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Dive Review of Ocean Frontiers/Royal Reef Resort in
Cayman Islands

Ocean Frontiers/Royal Reef Resort, May, 2003,

by Bradley Bowen, UT, USA . Report 620.

Reporter and Travel

Dive Experience 251-500 dives
Where else diving All over the pacific, carribean and California.
Closest Airport Getting There

Dive Conditions

Weather sunny, windy, rainy, cloudy Seas choppy, surge, currents
Water Temp 78 to 82 Fahrenheit Wetsuit Thickness 0
Water Visibility 0 to 0 Feet

Dive Policy

Dive own profile yes
Enforced diving restrictions [Unspecified]
Liveaboard? no Nitrox Available? N/A

What I Saw

Sharks Lots Mantas None
Dolphins None Whale Sharks None
Turtles > 2 Whales None
Corals 4 stars Tropical Fish 3 stars
Small Critters 1 stars Large Fish 3 stars
Large Pelagics 4 stars

Underwater Photography 1 (worst) - 5 (best):

Subject Matter 4 stars Boat Facilities 3 stars
Overall rating for UWP's 3 stars Shore Facilities 3 stars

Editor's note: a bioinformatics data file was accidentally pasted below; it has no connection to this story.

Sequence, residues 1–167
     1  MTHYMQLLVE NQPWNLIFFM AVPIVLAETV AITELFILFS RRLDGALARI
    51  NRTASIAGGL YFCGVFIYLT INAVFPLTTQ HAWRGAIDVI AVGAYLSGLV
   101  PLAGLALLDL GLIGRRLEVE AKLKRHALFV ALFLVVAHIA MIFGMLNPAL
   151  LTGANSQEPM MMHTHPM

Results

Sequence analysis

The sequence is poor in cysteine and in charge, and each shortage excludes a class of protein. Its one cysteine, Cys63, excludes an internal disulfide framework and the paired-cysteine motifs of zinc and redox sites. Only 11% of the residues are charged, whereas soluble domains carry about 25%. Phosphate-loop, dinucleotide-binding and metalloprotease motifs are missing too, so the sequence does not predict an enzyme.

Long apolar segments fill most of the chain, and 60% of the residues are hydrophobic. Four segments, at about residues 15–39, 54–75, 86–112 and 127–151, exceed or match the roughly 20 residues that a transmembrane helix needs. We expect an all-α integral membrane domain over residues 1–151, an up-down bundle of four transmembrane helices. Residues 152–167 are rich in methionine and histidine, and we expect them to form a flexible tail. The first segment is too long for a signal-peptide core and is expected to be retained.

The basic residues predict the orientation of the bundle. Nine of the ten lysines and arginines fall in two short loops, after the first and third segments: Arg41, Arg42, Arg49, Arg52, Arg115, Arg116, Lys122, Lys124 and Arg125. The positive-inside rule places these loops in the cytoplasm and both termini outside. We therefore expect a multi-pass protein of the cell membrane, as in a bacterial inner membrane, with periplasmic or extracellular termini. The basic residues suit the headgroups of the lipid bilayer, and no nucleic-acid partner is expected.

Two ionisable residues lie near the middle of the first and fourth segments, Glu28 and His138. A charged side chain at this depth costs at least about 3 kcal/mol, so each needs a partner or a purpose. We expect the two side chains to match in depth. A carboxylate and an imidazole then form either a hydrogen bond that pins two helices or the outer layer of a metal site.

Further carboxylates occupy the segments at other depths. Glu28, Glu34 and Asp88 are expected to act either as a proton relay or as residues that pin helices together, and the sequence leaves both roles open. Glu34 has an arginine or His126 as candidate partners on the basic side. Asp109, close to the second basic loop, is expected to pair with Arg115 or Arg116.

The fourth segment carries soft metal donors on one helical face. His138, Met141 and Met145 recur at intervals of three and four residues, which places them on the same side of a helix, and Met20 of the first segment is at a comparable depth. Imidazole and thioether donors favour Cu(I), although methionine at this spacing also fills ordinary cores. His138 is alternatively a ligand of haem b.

UW Photo Comments Only a small camera table for underwater photographers, and on some dives it was filled to the limit.

Ratings and Overall Comments 1 (worst) - 5 (best):

Accommodations 5 stars Food 3 stars
Service and Attitude 5 stars Environmental Sensitivity N/A
Dive Operation 5 stars Shore Diving 3 stars
Snorkeling N/A
Value for $$ N/A
Beginners 3 stars
Advanced 4 stars
Comments May 3 to May 10, 2003

Number of Dives: 343. Our third trip to Grand Cayman, and second trip with Ocean Frontiers. Consistent, outstanding service. We will be diving with Ocean Frontiers again. Be sure to book and pay for all dives you plan to do in advance as this operator often does not have any open spaces on its dive boats. We did four dives per day on 32% Nitrox, paying for all dives in advance, and never encountered any problems. Other divers were not able to dive as often as they had hoped. Crew is great at accommodating experienced divers entering the water first and exiting last who want an hour of bottom time, but you should alert them of your desire at the time of booking and discretely remind both crew members when you board the boat. Absent such a request, dive times are typically no more than 45 minutes on the first dive and 35 minutes on the second dive.